Feeds

China relaxes .cn registration rules

Individuals allowed domains again, but registration will be no 'pi.cn.ic'

Secure remote control for conventional and virtual desktops

China’s .cn top level domain (TLD) is set to reclaim its position as the world’s most popular ccTLD after the government decided to relax registration rules, effectively allowing individuals to once again own a .cn suffix.

The TLD was the largest country code top level domain on the planet but was overtaken when the government announced, in December 2009, that it was changing the rules so that only those possessing a special business license to register.

The move even forced registrar GoDaddy to end its operations in the country.

That regime has now been unwound, a little, after the China Internet Network Information Centre (CNNIC) announced the following changes will take effect as of Tuesday:

It is revised to be as “any individual or organisation that can bear independently civil liabilities, has the right to apply for the domain registration under the implementing rules”, ie, individuals are newly involved into the domain name applicant scope.

China currently has the seventh most popular ccTLD but will surely surge forward now that individuals are able to register again.

The original move to ban individuals was made ostensibly to crack down on cyber crime and pornography, but as with all such pronouncements from on high was also probably aimed at stifling freedom of expression online.

Given that such hardline censorship is still very much at the core of the Communist Party’s approach to the internet, the rule change would seem to come at a strange time.

One reason could be a desire to foster further innovation and economic growth. To this end, CCNIC’s assistant director Qi Lin told Xinhua the move was made to “drive the development of web sites” and will “boost the openness and uniqueness of the internet."

Ovum analyst Jane Wang warned that the change of registration rules should definitely not be taken as a sign the authorities are relaxing controls.

“On the contrary, in our view, it means that the Chinese government’s online management experiences have accumulated,” she told The Reg.

“They have now have confidence in cyber crime management, including the distribution of pornographic information, sale of contraband, conducting online fraud, and gambling.”

Just yesterday, the authorities showed their continuing desire to crack down on ‘cyber crime’ by devoting a special police team in Shanghai to monitor web sites registered in the city. ®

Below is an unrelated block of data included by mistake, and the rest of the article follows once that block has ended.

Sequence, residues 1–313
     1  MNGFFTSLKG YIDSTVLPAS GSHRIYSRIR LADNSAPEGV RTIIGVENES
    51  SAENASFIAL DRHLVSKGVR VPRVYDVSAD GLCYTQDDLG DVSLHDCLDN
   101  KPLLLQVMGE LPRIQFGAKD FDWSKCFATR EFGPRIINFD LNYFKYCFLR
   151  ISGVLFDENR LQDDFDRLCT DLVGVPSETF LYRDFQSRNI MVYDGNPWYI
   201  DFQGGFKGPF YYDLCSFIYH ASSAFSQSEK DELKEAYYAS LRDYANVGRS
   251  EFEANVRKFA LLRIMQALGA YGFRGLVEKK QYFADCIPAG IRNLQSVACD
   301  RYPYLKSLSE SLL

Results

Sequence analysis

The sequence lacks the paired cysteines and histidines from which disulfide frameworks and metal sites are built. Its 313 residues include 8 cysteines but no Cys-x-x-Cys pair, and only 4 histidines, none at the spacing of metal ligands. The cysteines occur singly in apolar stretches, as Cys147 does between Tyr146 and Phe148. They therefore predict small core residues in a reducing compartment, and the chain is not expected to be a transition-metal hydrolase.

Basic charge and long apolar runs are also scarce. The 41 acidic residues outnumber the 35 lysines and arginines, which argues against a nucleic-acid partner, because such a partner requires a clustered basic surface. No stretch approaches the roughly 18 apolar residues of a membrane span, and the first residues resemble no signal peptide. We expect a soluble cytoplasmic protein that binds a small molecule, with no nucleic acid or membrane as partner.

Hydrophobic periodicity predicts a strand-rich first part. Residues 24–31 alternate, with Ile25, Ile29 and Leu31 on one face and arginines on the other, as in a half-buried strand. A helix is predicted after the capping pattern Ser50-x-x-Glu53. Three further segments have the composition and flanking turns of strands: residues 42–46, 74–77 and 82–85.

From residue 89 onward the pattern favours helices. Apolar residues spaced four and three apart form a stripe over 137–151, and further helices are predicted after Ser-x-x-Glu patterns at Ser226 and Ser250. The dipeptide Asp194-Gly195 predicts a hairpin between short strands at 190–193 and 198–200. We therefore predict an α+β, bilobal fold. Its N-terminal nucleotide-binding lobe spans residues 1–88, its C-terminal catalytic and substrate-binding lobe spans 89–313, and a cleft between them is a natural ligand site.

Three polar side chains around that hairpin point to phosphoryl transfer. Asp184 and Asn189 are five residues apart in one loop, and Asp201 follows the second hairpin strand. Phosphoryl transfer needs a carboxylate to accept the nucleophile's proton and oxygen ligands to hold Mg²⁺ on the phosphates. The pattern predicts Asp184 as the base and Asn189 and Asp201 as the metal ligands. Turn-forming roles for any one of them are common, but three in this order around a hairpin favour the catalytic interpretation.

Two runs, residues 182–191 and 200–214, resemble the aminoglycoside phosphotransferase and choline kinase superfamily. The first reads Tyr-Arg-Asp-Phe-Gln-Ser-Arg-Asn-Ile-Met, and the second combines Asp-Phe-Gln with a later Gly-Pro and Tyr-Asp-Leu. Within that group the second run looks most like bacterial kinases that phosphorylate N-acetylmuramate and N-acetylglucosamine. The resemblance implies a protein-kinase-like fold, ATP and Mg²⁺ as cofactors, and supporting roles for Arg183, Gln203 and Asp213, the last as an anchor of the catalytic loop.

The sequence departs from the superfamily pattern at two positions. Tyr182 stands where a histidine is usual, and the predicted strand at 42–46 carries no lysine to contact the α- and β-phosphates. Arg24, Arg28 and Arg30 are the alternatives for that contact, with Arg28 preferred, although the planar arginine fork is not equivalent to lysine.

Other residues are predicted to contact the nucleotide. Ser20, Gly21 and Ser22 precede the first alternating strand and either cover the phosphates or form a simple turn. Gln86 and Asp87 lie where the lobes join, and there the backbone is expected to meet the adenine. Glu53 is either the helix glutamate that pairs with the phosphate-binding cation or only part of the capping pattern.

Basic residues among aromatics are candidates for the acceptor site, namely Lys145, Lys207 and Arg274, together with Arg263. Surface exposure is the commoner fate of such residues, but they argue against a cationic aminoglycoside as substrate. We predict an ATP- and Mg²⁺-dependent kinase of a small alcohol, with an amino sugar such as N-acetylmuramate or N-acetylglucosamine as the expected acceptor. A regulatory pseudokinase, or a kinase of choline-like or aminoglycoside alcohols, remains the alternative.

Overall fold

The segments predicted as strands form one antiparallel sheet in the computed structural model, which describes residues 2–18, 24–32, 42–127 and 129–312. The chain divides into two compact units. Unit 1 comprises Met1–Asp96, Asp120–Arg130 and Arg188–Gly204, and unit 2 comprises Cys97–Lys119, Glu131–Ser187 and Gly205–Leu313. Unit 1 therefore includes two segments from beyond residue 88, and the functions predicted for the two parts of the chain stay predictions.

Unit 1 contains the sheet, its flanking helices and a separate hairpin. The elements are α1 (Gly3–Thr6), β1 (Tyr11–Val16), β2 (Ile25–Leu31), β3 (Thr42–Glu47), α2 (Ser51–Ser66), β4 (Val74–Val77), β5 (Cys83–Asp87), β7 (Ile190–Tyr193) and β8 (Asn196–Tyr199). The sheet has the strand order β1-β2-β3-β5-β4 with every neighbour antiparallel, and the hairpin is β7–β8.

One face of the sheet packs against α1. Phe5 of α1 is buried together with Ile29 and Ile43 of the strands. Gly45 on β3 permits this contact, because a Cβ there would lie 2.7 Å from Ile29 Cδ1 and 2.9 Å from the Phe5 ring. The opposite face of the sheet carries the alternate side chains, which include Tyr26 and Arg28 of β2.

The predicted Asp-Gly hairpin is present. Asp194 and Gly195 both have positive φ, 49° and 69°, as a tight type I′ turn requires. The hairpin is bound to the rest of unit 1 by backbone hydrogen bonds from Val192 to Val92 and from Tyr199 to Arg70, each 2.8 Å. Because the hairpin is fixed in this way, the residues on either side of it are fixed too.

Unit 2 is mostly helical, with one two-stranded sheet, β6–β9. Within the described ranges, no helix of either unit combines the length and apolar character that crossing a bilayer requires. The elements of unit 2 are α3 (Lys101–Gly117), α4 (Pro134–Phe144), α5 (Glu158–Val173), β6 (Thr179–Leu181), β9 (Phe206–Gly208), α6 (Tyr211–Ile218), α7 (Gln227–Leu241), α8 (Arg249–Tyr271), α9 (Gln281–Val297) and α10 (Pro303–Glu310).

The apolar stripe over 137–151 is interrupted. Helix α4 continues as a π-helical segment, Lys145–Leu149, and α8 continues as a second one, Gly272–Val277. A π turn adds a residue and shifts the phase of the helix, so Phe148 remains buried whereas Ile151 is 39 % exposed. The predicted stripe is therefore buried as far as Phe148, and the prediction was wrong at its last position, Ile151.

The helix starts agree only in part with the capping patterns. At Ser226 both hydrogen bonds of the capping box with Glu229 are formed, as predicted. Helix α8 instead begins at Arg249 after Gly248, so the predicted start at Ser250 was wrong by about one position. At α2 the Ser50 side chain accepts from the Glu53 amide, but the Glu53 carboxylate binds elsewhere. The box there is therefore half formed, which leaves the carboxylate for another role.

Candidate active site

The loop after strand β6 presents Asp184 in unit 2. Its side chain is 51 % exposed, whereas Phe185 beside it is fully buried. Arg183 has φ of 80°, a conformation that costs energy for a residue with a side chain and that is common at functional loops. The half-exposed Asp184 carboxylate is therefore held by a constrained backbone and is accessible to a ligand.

Top 5 reasons to deploy VMware with Tegile

More from The Register

next story
YOU are the threat: True confessions of real-life sysadmins
Who will save the systems from the men and women who save the systems from you?
Download alert: Nearly ALL top 100 Android, iOS paid apps hacked
Attack of the Clones? Yeah, but much, much scarier – report
Broadband sellers in the UK are UP TO no good, says Which?
Speedy network claims only apply to 10% of customers
Virgin Media struck dumb by NATIONWIDE packet loss balls-up
Turning it off and on again fixes glitch 12 HOURS LATER
Ofcom snatches 700MHz off digital telly, hands it to mobile data providers
Hungry mobe'n'slab-waving Blighty swallows spectrum
Fujitsu CTO: We'll be 3D-printing tech execs in 15 years
Fleshy techie disses network neutrality, helmet-less motorcyclists
prev story

Whitepapers

Why and how to choose the right cloud vendor
The benefits of cloud-based storage in your processes. Eliminate onsite, disk-based backup and archiving in favor of cloud-based data protection.
Getting started with customer-focused identity management
Learn why identity is a fundamental requirement to digital growth, and how without it there is no way to identify and engage customers in a meaningful way.
High Performance for All
While HPC is not new, it has traditionally been seen as a specialist area – is it now geared up to meet more mainstream requirements?
The hidden costs of self-signed SSL certificates
Exploring the true TCO for self-signed SSL certificates, including a side-by-side comparison of a self-signed architecture versus working with a third-party SSL vendor.
New hybrid storage solutions
Tackling data challenges through emerging hybrid storage solutions that enable optimum database performance whilst managing costs and increasingly large data stores.